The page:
European Liverleaf flowers
(Photo courtesy of NetPS Plant Finder)
Plant Height: 4 inches
Flower Height: 6 inches
Spacing: 5 inches
Hardiness Zone: 4a
Other Names: Liver Leaf
European Liverleaf has white flowers with yellow eyes and plum purple centers at the ends of the stems in mid spring, which are interesting on close inspection. Its lobed leaves remain light green in color throughout the year. The fruit is not ornamentally significant.
European Liverleaf is an herbaceous evergreen perennial with a ground-hugging habit of growth. Its medium texture blends into the garden, but can always be balanced by a couple of finer or coarser plants for an effective composition.
This is a relatively low maintenance plant, and usually looks its best without pruning, although it will tolerate pruning. Deer don't particularly care for this plant and will usually leave it alone in favor of tastier treats. It has no significant negative characteristics.
European Liverleaf is recommended for the following landscape applications;
- General Garden Use
Planting & Growing
European Liverleaf will grow to be only 4 inches tall at maturity extending to 6 inches tall with the flowers, with a spread of 6 inches. When grown in masses or used as a bedding plant, individual plants should be spaced approximately 5 inches apart. Its foliage tends to remain low and dense right to the ground. It grows at a slow rate, and under ideal conditions can be expected to live for approximately 5 years.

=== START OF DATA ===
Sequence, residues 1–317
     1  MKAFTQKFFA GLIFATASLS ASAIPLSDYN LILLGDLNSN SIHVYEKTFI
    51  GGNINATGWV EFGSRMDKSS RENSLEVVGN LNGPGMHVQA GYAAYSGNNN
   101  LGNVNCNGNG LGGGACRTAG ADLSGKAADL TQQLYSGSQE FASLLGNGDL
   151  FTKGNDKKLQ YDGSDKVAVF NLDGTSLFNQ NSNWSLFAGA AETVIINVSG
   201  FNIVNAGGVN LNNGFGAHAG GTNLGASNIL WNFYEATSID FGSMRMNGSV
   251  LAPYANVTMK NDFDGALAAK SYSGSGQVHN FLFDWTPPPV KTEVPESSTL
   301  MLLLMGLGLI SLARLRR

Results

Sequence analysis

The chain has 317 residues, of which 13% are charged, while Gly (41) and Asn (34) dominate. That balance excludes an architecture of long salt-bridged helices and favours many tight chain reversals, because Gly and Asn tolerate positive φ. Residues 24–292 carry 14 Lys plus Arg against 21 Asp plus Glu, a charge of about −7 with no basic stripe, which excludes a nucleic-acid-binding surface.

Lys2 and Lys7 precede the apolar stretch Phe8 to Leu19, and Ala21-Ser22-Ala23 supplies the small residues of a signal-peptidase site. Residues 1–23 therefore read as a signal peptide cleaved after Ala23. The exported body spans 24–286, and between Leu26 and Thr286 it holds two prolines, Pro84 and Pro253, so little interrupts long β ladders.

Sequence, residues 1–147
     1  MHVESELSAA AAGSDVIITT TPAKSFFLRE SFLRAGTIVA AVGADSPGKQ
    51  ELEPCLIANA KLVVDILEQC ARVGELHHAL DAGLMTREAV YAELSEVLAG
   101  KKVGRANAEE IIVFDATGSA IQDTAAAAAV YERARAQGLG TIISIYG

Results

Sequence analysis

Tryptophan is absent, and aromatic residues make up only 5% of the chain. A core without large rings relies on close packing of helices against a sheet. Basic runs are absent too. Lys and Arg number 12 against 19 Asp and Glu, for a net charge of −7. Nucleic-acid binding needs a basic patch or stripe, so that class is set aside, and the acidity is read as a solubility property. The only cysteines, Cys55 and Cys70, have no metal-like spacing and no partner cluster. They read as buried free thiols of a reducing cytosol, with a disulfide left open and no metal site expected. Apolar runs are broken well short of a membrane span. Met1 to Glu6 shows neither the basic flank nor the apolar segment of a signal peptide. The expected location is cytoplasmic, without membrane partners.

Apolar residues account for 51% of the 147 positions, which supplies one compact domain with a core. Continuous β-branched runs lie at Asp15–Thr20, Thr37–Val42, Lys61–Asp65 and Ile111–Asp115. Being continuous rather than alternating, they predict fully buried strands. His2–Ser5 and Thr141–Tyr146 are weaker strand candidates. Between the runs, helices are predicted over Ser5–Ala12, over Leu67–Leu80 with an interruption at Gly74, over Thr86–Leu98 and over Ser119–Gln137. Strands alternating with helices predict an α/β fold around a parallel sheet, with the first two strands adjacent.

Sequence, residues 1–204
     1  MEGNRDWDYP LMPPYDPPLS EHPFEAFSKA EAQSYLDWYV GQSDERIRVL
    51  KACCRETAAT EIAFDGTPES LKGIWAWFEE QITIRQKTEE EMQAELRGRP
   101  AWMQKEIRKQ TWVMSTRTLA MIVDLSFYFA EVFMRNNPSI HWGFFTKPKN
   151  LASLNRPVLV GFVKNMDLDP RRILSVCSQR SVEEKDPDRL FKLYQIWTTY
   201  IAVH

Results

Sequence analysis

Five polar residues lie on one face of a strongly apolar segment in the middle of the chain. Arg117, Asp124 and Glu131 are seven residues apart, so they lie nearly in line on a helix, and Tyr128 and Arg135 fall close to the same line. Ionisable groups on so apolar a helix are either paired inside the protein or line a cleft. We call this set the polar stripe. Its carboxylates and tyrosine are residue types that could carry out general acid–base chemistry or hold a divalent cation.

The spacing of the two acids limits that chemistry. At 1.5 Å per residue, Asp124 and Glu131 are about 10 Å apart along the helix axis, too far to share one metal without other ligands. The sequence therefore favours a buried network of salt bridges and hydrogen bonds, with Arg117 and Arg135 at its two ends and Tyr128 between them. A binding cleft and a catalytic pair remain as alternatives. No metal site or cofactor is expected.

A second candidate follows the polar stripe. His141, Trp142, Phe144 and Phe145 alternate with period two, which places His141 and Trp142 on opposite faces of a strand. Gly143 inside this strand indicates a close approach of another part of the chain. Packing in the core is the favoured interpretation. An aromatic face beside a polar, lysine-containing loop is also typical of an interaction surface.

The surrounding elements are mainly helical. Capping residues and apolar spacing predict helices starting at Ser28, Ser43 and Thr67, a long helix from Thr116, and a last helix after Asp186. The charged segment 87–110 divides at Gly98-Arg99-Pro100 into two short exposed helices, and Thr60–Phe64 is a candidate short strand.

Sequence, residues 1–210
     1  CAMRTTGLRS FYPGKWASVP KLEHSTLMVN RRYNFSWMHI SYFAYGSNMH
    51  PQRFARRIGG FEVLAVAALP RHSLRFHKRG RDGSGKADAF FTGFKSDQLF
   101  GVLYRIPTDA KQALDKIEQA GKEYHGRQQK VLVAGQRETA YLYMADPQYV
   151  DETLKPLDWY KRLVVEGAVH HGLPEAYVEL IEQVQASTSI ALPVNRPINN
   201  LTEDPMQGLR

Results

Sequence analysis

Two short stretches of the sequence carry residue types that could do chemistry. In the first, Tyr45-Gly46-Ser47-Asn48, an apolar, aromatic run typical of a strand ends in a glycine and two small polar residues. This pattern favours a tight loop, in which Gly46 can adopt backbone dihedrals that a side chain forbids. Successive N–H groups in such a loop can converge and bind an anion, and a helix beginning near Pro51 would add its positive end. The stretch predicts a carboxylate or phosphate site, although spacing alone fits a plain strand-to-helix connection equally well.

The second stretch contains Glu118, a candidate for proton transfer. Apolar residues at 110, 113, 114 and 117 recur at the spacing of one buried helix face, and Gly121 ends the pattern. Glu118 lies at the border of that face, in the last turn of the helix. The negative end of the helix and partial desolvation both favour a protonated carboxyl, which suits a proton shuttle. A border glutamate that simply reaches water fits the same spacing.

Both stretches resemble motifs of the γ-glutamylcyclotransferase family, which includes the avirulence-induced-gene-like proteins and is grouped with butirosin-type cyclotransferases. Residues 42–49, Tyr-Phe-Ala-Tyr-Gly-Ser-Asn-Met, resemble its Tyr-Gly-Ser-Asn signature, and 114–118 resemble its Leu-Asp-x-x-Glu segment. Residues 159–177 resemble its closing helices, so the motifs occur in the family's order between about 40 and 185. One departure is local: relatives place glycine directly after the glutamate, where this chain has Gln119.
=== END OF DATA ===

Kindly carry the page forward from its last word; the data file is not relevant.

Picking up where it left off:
This plant does best in partial shade to shade. It requires an evenly moist well-drained soil for optimal growth, but will die in standing water. It is particular about its soil conditions, with a strong preference for clay, alkaline soils. It is quite intolerant of urban pollution, therefore inner city or urban streetside plantings are best avoided. Consider applying a thick mulch around the root zone in both summer and winter to conserve soil moisture and protect it in exposed locations or colder microclimates. This species is native to parts of North America, and parts of it are known to be toxic to humans and animals, so care should be exercised in planting it around children and pets. It can be propagated by division.